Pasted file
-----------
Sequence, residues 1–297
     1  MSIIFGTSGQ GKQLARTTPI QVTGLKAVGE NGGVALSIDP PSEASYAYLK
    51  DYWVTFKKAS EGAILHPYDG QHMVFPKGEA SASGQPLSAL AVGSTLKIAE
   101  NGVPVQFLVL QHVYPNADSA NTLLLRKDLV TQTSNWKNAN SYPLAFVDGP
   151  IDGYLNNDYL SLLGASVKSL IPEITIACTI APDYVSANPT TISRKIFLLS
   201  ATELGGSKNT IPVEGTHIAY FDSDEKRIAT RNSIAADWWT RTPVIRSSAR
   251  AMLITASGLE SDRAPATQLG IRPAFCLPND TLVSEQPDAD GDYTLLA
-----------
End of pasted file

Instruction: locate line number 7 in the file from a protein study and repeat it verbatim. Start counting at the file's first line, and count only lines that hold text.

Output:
   251  AMLITASGLE SDRAPATQLG IRPAFCLPND TLVSEQPDAD GDYTLLA